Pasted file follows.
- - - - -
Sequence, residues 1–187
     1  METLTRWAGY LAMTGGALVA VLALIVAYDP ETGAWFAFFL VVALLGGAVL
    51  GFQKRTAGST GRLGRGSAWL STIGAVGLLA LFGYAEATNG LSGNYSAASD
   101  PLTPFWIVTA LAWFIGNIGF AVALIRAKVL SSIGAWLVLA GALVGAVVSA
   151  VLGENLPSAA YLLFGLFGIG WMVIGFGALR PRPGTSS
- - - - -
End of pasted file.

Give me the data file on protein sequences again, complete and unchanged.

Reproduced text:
Sequence, residues 1–187
     1  METLTRWAGY LAMTGGALVA VLALIVAYDP ETGAWFAFFL VVALLGGAVL
    51  GFQKRTAGST GRLGRGSAWL STIGAVGLLA LFGYAEATNG LSGNYSAASD
   101  PLTPFWIVTA LAWFIGNIGF AVALIRAKVL SSIGAWLVLA GALVGAVVSA
   151  VLGENLPSAA YLLFGLFGIG WMVIGFGALR PRPGTSS